History Comes Alive – Small Arms Society Hosts Back to The 40s

History comes Alive

On May 25, the Small Arms Society (SAS) invites you to go back in time to celebrate a vital part of Canada’s history.

“We’re remembering the 14,000 women and men who worked at the Small Arms Limited site from 1940-1946,” says Diane LaPointe, SAS President, “so get in the spirit of the era and come dressed in your 1940’s finest or as a Small Arms Limited factory worker.”

Located on the Arsenal Lands on the eastern border of the Mississauga waterfront, the Small Arms Inspection Building is the last remaining building on a site that once had a strong industrial and military presence, playing a significant role in Canada’s history from the early 1800s.

In 1940, the site became a large munitions plant, manufacturing rifles and small arms for the Canadian Army through the Second World War until 1974. Over two-thirds of the workforce were women who  played a vital role in supporting the Canadian military efforts during WWII. This was critical to changing the role of women and recognizing their significance to the workforce in Canada. A narrator in a Canadian Army Newsreel about women workers says, “When victory is won, a great share of the credit will be due to our fair Amazons in overalls.”

SAS organizers hope to transport visitors back in time to the 1940s by re-enacting a time when the local community was supporting the war effort from the home front.

“Music and dancing were a big part of social life in the 40s,” LaPointe explains, “so we’ve arranged for fabulous entertainment.”

Led by emcee and local legend Patti Janetta, who will be joined by dignitaries including Mayor Bonnie Crombie, guests will enjoy re-enactments, big band music, dancing, swing dance lessons, singing and more.

Learn about the history of the Small Arms Inspection Building and the site along with Victory Bond celebrations and other activities of 1944. Exhibits and 1940s artifacts will be on display in collaboration with Centennial College—Museum and Culture Management program.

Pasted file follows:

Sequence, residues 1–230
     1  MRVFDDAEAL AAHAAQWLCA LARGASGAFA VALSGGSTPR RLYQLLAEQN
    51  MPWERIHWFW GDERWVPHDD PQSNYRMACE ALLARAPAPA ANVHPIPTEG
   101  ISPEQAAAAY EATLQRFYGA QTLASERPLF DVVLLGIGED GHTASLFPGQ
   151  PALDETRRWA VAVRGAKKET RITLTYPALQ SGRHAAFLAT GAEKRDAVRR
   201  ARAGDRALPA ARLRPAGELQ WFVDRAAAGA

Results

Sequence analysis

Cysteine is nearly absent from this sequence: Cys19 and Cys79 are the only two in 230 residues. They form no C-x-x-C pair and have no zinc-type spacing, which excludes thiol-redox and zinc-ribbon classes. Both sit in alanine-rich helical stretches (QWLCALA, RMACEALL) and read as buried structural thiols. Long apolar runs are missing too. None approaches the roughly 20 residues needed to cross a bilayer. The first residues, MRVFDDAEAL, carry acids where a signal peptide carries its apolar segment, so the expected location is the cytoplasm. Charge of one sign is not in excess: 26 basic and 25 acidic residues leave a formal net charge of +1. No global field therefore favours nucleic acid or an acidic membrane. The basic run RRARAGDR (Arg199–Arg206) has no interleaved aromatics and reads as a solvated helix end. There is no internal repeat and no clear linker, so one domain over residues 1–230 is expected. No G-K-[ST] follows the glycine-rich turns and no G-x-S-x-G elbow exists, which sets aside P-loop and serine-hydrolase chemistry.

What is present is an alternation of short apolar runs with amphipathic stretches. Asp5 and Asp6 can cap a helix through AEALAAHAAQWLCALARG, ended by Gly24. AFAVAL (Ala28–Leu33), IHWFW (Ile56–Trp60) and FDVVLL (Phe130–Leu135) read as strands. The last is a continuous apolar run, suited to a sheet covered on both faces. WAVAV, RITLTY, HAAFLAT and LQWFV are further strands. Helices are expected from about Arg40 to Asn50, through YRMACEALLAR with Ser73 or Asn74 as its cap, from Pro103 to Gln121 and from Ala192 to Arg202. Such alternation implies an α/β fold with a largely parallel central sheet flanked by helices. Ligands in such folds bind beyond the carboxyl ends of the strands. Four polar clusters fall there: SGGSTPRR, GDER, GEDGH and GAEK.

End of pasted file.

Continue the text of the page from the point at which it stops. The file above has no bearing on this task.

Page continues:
Check out vintage vehicles, some courtesy of the families of former employees who worked at the factory. Visit an exhibit of decommissioned Bren Guns and Enfield Rifles, look over a display of newspaper articles, photographs and ads.

Knitters will be on site, knitting wash cloths, socks and giving 1940s knitting lessons.

Enjoy a 1940s cafe experience at the Brant Street Café, which will offer tea and refreshments, home baked cookies, an assortment of table dainties, apple and butter tarts and a candy counter pop-up.

The official program begins at 1 p.m. and the event finishes at 5 p.m. Admission is free and the SAS welcomes donations to the Compass Food Bank.

  • The SAS originally formed in 2008 with a core group of dedicated community-minded individuals who formed the Lakeview Legacy Community Foundation (LLCF) in response to the proposed demolition of the Small Arms Inspection Building. At the time, the building was owned by the Toronto and Region Conservation Authority (TRCA).
  • The LLCF recognized the local and national historic importance of the building and site including the significant contribution of the women and men who worked there. Through the efforts of the LLCF and the community, the City of Mississauga designated the property under the Ontario Heritage Act in the spring of 2009.


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